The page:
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UCLA Football Season Tickets

The Birds
Courtesy: UCLA Athletics  
Release:  08/20/1999

Aug. 20, 1999

LOS ANGELES - They call themselves The Birds because they fly all over the field.

They speak of being all for one and one for all like The Three Musketeers, which might sound corny if it didn't seem so genuine.

They're the UCLA wide receivers, a talented trio full of optimism despite not having an experienced quarterback to throw them the ball this season.

Give them a little push, and Danny Farmer, Brian Poli-Dixon and Freddie Mitchell will tell you all about their talents.

As a group, of course.

"It's kind of like, who are you going to cover? Try to stop one of us," said Poli-Dixon, a 6-foot-5, 210-pound junior who caught 44 passes for 712 yards and 10 touchdowns last season. "We've got the best corps of wide receivers in the nation."

He might get an argument from Florida State, Georgia Tech or Stanford, among other schools.

"I wouldn't call us cocky, we respect who we play against," said Farmer, a 6-4, 210-pound senior who had 58 catches for a school-record 1,274 yards and nine TDs last year. "We respect what each other can do. If you don't think you can go out and do it, you've already lost."

Farmer and Poli-Dixon are listed as first-stringers - perhaps the tallest pair of starting wideouts in the country, and perhaps the best.

Mitchell is a backup on the depth chart, and played in only three games for the Bruins as a freshman last year because of a broken leg. But he said he's in better shape than ever now, and he has the look of a future star.

"Just give us our 100 yards, the three TDs," said Mitchell, a 5-11, 176-pounder. "If you're going to try and stop us, it could be trouble."

Mitchell had a spectacular day in his UCLA debut against Texas last year, but broke his right leg while returning a kickoff 47 yards against Houston the following week. However, he made it back for 11 plays in the Rose Bowl game on New Year's Day.

"He hasn't really debuted yet," Poli-Dixon said. "People still have no idea how good he is."

Farmer used to be known as "Rooster," and Poli-Dixon was "Big Bird."

No longer.

"We're The Birds, The Flock, that takes us out of any individuality," Farmer said. "We're a unit."

A unit that's earned quite a reputation.

"You'll see all those guys playing on Sundays, without a doubt," said Oregon State coach Dennis Erickson, who should know, considering he coached the Seattle Seahawks the last four years.

Farmer, whose father, George, played at UCLA and in the NFL for seven years, grew up in the Los Angeles area. He came to UCLA as a walk-on to play football and volleyball.

Poli-Dixon, from Tucson, Ariz., planned to go to Washington before visiting UCLA and immediately falling in love with the school and area.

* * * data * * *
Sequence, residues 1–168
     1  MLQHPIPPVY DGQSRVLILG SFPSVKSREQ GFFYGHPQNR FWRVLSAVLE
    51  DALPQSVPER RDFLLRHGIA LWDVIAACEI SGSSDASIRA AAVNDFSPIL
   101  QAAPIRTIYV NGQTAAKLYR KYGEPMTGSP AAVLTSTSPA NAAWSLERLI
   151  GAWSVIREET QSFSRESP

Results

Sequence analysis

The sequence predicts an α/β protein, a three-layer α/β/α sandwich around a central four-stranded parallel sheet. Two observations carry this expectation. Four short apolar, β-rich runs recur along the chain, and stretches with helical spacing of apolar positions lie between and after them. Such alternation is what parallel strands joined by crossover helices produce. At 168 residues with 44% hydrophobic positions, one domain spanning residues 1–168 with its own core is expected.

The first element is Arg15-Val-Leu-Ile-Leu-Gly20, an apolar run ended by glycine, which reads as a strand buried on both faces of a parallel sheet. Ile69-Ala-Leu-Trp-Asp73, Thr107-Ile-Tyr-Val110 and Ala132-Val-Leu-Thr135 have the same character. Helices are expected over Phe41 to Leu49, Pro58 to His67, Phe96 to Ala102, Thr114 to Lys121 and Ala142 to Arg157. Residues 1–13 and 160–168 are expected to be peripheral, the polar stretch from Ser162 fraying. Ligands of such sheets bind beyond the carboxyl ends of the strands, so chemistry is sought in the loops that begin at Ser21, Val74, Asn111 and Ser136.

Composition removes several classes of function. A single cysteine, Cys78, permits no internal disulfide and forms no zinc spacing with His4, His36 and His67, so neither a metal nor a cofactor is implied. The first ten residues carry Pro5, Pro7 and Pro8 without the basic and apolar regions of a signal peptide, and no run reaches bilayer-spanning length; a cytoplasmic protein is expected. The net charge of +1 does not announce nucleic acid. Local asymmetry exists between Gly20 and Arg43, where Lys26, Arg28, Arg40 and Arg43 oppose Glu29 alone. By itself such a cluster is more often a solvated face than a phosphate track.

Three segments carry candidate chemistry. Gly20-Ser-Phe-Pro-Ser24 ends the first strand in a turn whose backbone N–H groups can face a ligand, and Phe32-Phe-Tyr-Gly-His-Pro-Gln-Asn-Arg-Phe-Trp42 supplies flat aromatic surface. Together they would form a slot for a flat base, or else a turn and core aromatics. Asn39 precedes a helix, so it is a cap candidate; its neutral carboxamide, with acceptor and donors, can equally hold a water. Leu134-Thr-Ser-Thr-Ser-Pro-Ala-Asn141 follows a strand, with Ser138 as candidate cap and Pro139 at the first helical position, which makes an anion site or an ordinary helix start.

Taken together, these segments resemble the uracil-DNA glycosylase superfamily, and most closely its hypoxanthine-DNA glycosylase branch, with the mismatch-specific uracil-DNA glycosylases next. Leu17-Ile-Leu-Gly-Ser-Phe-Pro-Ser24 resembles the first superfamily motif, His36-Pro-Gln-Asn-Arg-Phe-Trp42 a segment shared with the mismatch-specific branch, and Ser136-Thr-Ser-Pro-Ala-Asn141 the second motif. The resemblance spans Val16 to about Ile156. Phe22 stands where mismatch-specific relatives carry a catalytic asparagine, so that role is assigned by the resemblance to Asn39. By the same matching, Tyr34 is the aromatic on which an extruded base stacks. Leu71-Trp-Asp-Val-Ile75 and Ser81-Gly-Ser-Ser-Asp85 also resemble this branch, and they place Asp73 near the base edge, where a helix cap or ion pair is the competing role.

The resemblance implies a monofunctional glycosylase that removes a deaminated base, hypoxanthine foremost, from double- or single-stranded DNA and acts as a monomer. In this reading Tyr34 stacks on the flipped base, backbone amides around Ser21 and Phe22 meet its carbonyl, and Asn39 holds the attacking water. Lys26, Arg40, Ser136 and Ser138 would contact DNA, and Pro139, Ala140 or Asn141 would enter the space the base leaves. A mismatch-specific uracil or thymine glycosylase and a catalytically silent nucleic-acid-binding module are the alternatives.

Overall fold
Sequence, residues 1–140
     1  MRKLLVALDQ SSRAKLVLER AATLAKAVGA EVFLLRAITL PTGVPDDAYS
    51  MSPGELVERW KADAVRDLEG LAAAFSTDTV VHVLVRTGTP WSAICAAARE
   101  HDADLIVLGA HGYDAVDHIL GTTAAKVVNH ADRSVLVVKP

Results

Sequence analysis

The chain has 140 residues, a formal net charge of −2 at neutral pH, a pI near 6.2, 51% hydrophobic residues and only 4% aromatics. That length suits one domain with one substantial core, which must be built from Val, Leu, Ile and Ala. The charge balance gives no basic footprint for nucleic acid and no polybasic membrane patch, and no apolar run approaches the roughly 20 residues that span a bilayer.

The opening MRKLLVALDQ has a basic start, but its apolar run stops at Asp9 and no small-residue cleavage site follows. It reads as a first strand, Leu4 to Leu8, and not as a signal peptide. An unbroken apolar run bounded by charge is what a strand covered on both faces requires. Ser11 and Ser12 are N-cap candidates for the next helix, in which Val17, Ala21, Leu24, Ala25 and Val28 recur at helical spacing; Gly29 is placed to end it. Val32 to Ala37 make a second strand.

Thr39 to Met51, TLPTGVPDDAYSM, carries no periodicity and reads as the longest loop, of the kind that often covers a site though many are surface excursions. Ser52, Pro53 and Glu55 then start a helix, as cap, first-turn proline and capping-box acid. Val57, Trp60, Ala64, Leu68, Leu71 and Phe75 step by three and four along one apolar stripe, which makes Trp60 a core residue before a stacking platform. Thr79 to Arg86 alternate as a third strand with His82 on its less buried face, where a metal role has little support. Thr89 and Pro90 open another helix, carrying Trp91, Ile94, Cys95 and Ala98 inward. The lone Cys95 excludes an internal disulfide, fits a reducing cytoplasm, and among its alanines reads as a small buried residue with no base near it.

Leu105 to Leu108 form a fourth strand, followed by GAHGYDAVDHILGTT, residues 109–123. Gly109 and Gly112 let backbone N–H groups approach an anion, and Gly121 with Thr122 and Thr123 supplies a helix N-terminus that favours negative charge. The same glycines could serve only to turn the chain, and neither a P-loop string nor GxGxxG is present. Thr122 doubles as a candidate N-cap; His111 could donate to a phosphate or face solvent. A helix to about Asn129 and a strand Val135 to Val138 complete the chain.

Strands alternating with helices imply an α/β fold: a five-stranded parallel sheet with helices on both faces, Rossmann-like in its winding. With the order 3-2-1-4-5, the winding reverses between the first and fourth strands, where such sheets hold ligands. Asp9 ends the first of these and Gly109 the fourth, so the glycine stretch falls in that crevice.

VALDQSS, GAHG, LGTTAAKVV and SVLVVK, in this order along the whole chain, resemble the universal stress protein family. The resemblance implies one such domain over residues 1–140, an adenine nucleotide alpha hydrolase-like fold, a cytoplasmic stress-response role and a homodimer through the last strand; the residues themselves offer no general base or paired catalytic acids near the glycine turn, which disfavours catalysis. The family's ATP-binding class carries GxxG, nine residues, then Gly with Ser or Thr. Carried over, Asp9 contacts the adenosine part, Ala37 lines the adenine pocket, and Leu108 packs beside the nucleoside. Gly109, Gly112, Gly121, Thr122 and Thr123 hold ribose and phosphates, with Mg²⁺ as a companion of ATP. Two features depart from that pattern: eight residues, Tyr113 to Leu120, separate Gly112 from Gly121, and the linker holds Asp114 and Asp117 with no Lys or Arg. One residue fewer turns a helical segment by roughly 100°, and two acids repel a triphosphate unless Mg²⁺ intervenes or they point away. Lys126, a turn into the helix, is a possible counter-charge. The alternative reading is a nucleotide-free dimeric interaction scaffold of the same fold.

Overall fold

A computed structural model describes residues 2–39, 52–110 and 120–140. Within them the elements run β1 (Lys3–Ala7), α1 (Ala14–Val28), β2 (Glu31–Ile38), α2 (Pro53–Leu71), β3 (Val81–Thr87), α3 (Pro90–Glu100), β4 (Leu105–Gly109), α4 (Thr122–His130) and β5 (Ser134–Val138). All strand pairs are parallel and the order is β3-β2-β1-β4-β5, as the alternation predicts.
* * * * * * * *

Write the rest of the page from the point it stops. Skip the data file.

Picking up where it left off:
Mitchell, from Lakeland, Fla., is the son of a pastor who said his injury taught him to stay humble and made him a better person.

"They're fun-loving guys, they're fun to coach because they practice so hard," UCLA coach Bob Toledo said. "Danny's a great role model, very popular with the fans and players. He's what you look for. When Poli got here, he didn't really have a great work ethic. Now, he's one of the hardest workers on the team. Freddie keeps everyone loose. He's one of those gym-rats on a football field."

With the Bruins' multiple formations, the three receivers will be used extensively at the same time, and a fourth wideout, Brad Melsby, will also get some significant playing time.

Farmer made it clear Melsby is one of The Birds, as are the other wideouts on the roster.

"They're part of us, too, they're part of our family," Farmer said.

Cade McNown, UCLA's starting quarterback the last four years, is now a rookie with the Chicago Bears, leaving the team with minimal experience at the position.

Drew Bennett, a junior who threw five passes last year as McNown's backup, entered practice as UCLA's first-string quarterback, with freshman Cory Paus listed No. 2.

"We've worked with them for so long, I think that will help them," Farmer said.

Poli-Dixon added: "I think they'd have a lot more pressure on them if they had nobody to throw to."

Roommates Mitchell and Poli-Dixon spent some time in Florida with Minnesota Vikings wide receiver Randy Moss earlier this summer, and worked out with Moss and teammate Cris Carter.

It was a memorable experience.

"You would never have thought NFL dudes work that hard," Mitchell said.

If the Bruins were to model their team after anyone in the NFL, it would be the Vikings, he said.

With that, Farmer reached out his hand, and Mitchell slapped it.

"Danny's the veteran, we're the rookies," Mitchell said. "We're going to be at his place working out next summer."

By JOHN NADEL
AP Sports Writer


‹ UCLA Football



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